Search Results: "James Howe"


BOOK REVIEW

IRVING HOWE by Edward Alexander
NON-FICTION
Released: May 1, 1998

"But he also deserved someone far more attuned to all the dimensions of his life and his political commitments."
A detailed and dogmatic intellectual biography of one of the leading American literary critics, political journalists, polemicists, and Jewish intellectuals of the past 50 years. Read full book review >

BOOK REVIEW

ADDIE ON THE INSIDE by James Howe
CHILDREN'S
Released: July 26, 2011

"Readers will agree when, in the triumphant final poem, an assured Addie proclaims: 'I am a girl who knows enough / to know this life is mine.' (author's note) (Verse novel. 11-14)"
In this companion novel, Howe explores the interior life of the most outspoken member of the "Gang of Five" from The Misfits and Totally Joe (2001, 2005). Read full book review >

BOOK REVIEW

CHILDREN'S
Released: Oct. 1, 2003

"Focus on change and growth gives strength to this offering. (Fiction. 11-13)"
Just as 13 is an age with agonies and ecstasies, this collection ranges from the trivial to the powerful. Read full book review >

BOOK REVIEW

Released: March 1, 1999

"The message is no secret, but getting there is a barrel of fun, thanks to snap-happy acrylic and collage art with its three mouse gallivants and their gleefully expressive faces. (Picture book. 4-8)"
An auspicious debut for illustrator Walrod, whose hilarious characterizations of three mice friends enliven Howe's jocular plot that pokes fun at boys-only and girls-only clubs. Read full book review >

BOOK REVIEW

TOTALLY JOE by James Howe
CHILDREN'S
Released: Oct. 1, 2005

"There's more of a sense of spending extra time with a favorite friend. (Fiction. 10-14)"
One quarter of the "Gang of Five" from The Misfits (2001) tells his own story of coming out and overcoming bullies and prejudice through alphabetical entries in his "alphabiography." Read full book review >

BOOK REVIEW

FICTION
Released: July 1, 2001

"Here's good news for teachers, too: the stories serve as fine springboards for introspective student-writing and classroom discussion. (Fiction. 12+)"
Some of today's most celebrated YA authors, including Avi, Walter Dean Myers, Jacqueline Woodson (writing with Chris Lynch), Annette Curtis Klause, Norma Fox Mazer, Virginia Euwer Wolff, and Howe himself, are represented in this generally fine though uneven anthology. Read full book review >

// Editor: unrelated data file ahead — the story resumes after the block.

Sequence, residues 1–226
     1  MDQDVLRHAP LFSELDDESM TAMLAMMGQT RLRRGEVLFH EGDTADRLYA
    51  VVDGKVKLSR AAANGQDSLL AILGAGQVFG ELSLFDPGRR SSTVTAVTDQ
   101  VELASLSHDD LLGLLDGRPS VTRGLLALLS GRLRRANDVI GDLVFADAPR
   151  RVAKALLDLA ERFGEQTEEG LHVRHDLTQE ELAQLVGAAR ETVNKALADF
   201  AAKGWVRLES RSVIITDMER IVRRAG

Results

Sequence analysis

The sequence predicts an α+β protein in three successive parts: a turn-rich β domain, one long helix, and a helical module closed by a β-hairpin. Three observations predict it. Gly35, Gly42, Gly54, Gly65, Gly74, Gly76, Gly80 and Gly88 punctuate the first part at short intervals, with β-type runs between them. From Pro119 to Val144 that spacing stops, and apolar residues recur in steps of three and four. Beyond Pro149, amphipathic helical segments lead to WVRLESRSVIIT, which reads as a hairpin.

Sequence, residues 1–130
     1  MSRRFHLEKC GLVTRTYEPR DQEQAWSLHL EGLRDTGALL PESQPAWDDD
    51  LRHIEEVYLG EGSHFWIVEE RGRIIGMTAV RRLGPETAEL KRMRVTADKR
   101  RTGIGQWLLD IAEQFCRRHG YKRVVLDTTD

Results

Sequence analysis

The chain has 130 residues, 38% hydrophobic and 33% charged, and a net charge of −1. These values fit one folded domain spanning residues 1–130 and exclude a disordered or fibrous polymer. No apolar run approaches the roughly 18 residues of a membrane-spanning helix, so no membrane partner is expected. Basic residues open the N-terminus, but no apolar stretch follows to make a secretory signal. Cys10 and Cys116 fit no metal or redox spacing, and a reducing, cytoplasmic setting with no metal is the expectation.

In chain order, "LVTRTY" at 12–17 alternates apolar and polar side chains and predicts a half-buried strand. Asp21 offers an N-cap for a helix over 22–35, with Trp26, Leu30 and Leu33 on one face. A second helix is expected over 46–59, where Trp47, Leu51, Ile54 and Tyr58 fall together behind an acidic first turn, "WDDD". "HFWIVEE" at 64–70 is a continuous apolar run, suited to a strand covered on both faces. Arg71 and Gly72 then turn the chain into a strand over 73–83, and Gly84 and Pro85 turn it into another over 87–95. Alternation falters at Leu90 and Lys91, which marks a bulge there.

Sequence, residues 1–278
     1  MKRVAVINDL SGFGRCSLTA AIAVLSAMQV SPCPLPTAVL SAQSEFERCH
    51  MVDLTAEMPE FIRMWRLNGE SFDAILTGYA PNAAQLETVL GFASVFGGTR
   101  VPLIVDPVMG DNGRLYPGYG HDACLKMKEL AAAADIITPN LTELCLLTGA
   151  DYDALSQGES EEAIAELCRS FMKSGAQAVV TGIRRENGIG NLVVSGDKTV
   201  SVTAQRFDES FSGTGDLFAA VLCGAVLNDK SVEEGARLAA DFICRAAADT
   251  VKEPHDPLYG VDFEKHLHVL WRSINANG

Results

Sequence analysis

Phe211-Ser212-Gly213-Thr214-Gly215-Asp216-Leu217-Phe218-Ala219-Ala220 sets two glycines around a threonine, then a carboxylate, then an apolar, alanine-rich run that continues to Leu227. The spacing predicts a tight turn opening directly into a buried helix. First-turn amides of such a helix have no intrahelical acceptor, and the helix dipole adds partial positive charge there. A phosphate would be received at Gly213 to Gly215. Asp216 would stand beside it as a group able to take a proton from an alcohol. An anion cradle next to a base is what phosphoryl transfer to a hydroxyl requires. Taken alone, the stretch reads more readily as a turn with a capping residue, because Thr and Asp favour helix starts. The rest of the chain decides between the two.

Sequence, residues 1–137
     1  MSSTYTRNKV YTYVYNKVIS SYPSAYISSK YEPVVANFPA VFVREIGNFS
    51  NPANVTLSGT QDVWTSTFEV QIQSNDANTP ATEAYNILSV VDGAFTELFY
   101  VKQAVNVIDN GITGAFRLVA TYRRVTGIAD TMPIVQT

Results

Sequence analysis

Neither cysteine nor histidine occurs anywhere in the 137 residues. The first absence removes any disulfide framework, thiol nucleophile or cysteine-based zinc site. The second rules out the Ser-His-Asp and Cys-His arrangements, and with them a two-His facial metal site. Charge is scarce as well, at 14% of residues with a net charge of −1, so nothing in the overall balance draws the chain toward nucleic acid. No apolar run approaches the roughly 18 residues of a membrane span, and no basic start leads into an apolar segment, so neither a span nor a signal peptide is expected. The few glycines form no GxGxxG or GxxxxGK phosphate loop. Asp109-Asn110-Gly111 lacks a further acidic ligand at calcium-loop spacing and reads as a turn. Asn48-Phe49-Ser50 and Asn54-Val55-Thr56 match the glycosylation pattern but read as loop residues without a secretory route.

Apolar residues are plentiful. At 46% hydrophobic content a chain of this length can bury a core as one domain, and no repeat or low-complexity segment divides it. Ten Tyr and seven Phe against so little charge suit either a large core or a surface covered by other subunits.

BOOK REVIEW

ALSO KNOWN AS ELVIS by James Howe
CHILDREN'S
Released: April 15, 2014

"With its companions, it's a powerful affirmation of friendship, compassion and the right to be accepted for who we are. (Fiction. 10-14)"
Over a decade has passed for readers since The Misfits (2001) introduced the Gang of Five, four seventh-grade outsiders who've got one another's backs; for Bobby, Joe, Addie and Skeezie, a year's gone by. Read full book review >

BOOK REVIEW

BUNNICULA STRIKES AGAIN! by James Howe
Released: Sept. 1, 1999

Once again Harold, "canine author extraordinaire," relates a madcap tale lit up with clever character twists and plots going hilariously awry. Read full book review >

BOOK REVIEW

THE MISFITS by James Howe
FICTION
Released: Oct. 1, 2001

"Readers of every stripe will find themselves here and laugh (or cringe) as they catch on. (Fiction. 10+)"
The Gang of Five wants, basically, to get through seventh grade in Paintbrush Falls, New York. Read full book review >

BOOK REVIEW

OTTER AND ODDER by James Howe
CHILDREN'S
Released: Oct. 1, 2012

"Ever-changing watercolor washes and primordial shapes depict a wondrous, liquid world in which the star-crossed lovers learn to trust their hearts. (Picture book. 5-9)"
The love between a fish and an otter is given the thoughtful treatment such an unexpected attraction deserves. Read full book review >

BOOK REVIEW

BRONTORINA by James Howe
by James Howe, illustrated by Randy Cecil
CHILDREN'S
Released: Aug. 1, 2010

"The frankly funny illustrations complement Howe's understated text, resulting in a sweet, frothy story, complete with tutus and arabesques, for the little (and big) dreamer in everyone, lightheartedly demonstrating that the sky's the limit, so think big! (Picture book. 2-7)"
Brontorina is a rotund, orange Apatosaurus who dreams of being a ballerina, so she presents herself at Madame Lucille's Dance Academy: "[I]n my heart I am a ballerina." Read full book review >